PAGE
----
Tommy's Story

In just six years since joining the D.C. Council in January 2006, Tommy Wells has won support throughout Washington for his fundamental goal: creating a livable and walkable city for all. He is a passionate student of cutting-edge solutions--who brings the skill to forge the kind of collaboration that translates great ideas into real improvements in our quality of life.

Tommy works with the leadership and citizens in every corner of Ward 6--from the Southwest Waterfront to the H Street Corridor, from Capitol Hill to Shaw--to guide development that focuses on neighborhood needs. He has championed the next generation of public transit--including streetcar lines, expansion of the D.C. Circulator, and improvements in overall bus service. He has brought Ward 6 residents back to their neighborhood grade schools and is working to reinvent our middle schools and Eastern High. And he crafted a landmark bill to charge a nominal fee on disposable bags--prompting thousands of D.C. residents to curb the use of bags that choke the Anacostia River, establishing a fund to clean up the river, and creating a model for other jurisdictions nationwide.

As the Chair for the Committee on Public Safety and the Judiciary, Tommy is focused on working with police leaders to increase the number of police officers on our neighborhood patrols, develop and support smarter public safety initiatives, and ensure safe streets in every community.?

As the former Chair of the Council's Committee on Libraries, Parks, Recreation and Planning, Tommy expanded the scope, staffing and programming of the city's recreational space and parks throughout the city. He also working with the DC Public Library to support its critical role of providing employment and education opportunities for all residents, in addition to ensuring the budget supports our neighborhood branches and expands the books and materials available.?

As the former Chair of the Committee on Public Works and Transportation and member of the Board of Directors?of?WMATA,?Tommy worked to improve transit connections between neighborhoods, build on alternative transit options, and put a focus on pedestrian access.

As the former Chair of the Council's Committee on Human Service, Tommy?led housing policy reform through the innovative Housing First program, a proven way to get homeless people back on track by providing a stable place to live. He?worked to improve services for D.C. youth in foster care, lending focused oversight that earned the District its highest-ever performance ranking from the U.S. Department of Health and Human Services. And under Tommy's oversight the Department of Youth Rehabilitation?achieved reduced recidivism among the juveniles in its custody.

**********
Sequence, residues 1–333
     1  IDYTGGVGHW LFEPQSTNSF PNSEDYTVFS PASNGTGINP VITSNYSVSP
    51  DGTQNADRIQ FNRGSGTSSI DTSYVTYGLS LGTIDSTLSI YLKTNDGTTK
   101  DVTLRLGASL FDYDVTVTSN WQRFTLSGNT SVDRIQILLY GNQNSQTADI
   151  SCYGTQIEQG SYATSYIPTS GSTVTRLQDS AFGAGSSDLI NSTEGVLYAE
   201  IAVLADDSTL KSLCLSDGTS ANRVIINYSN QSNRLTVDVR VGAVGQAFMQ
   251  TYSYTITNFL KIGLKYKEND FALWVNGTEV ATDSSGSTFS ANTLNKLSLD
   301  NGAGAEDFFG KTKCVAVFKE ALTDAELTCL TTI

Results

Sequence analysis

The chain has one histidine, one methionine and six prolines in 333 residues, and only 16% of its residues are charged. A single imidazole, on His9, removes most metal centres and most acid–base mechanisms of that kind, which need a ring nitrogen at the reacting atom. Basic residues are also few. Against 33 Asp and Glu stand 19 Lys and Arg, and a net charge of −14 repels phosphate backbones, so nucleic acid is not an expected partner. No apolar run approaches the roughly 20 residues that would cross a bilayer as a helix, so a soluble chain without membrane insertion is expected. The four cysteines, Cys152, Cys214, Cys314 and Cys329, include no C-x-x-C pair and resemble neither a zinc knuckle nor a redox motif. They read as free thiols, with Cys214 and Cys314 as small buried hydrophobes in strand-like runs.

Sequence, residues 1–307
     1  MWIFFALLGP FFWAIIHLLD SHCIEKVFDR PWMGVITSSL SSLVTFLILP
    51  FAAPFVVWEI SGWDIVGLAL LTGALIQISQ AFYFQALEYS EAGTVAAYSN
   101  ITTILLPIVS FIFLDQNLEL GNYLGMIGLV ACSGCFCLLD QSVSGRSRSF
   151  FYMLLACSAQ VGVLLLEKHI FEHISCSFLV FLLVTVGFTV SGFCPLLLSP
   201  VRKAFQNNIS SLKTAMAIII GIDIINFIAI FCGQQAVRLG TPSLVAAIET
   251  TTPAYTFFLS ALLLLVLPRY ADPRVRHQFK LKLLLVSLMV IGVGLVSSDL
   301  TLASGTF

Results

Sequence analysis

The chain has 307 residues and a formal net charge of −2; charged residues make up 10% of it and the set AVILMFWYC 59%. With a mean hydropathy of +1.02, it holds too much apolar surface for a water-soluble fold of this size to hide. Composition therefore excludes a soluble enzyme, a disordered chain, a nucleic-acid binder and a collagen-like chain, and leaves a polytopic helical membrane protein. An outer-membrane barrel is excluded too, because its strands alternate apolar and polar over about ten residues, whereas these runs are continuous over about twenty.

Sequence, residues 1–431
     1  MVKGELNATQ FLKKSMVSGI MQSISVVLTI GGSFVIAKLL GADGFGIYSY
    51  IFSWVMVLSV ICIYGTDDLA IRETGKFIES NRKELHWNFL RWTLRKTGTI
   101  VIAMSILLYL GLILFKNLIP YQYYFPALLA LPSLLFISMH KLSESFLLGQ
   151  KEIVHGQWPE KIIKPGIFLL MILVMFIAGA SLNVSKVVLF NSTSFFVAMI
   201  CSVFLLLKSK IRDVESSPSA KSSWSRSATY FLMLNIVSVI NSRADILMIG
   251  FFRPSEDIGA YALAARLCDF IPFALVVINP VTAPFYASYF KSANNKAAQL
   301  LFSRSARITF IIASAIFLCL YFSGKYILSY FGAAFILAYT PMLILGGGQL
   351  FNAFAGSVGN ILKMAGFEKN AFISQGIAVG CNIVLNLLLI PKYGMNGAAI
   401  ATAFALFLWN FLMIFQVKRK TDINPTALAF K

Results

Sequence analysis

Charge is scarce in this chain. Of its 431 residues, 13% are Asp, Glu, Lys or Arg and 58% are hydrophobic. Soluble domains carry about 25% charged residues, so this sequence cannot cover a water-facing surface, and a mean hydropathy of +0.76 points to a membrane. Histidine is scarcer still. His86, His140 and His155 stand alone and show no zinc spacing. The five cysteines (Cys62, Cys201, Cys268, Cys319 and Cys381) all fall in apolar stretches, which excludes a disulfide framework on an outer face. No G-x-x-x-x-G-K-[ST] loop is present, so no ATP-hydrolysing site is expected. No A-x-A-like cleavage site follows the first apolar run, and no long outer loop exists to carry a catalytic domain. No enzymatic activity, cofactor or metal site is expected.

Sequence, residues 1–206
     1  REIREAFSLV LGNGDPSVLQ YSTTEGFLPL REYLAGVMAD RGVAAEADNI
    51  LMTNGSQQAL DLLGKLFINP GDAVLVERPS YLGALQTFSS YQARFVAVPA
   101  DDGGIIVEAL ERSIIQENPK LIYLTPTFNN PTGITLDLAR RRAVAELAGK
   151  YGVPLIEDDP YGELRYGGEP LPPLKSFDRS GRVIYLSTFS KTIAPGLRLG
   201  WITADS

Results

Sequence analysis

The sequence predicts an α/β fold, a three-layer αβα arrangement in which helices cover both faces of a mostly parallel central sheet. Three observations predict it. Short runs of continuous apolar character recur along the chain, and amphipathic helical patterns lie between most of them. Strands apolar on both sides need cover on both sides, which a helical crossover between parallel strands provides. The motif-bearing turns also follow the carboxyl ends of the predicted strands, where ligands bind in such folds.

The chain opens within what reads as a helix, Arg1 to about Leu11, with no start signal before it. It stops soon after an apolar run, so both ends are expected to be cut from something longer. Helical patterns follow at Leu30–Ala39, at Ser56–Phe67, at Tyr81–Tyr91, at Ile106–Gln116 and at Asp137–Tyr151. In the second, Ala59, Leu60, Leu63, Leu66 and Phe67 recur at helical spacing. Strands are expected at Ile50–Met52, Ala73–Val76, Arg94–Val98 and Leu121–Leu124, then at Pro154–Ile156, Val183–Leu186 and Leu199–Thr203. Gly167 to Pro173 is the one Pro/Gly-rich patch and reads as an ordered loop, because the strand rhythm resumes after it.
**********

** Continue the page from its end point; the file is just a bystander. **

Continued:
But Tommy began advancing positive change in our city decades before his election to the City Council. He started his Washington career in 1983 as a social worker in the D.C. foster care system, where he spurred and led a successful class action lawsuit, LaShawn v. Barry, to address the city's failure to protect children in its care. In 1991, he took the helm of the D.C. Consortium for Child Welfare, where he was a force for creating neighborhood based-family service collaboratives that coordinate the delivery of city and nonprofit resources. He was the architect of a groundbreaking program to match foster families with children affected by HIV/AIDS and also led the drive to create the D.C. Family Court--which produced a 300 percent increase the number of foster children adopted into permanent homes every year.

During his 15 years with the Consortium, Tommy also served as an ANC Commissioner from 1994 to 2000 and a member of the D.C. Board of Education, representing Wards 5 and 6, from 2000 to 2006. In a position of notoriously limited authority, Tommy negotiated the creation of full-day programs for 3-year-olds in several neighborhood schools and spearheaded strict rules for immunizing 20,000 D.C. students--resulting in one of the nation's highest immunization rates.

Tommy is the former chair of the board for Jan's Tutoring House?and the previous chair of the Local Government Advisory Committee for the Chesapeake Bay. He graduated from the Columbus School of Law at Catholic University in 1991 and earned a master's degree in social work from the University of Minnesota in 1983. Since 1988 he has been married to Barbara Wells, a writer and arts enthusiast who is a tutor for Jan's Tutoring House and a judge for the Helen Hayes Awards.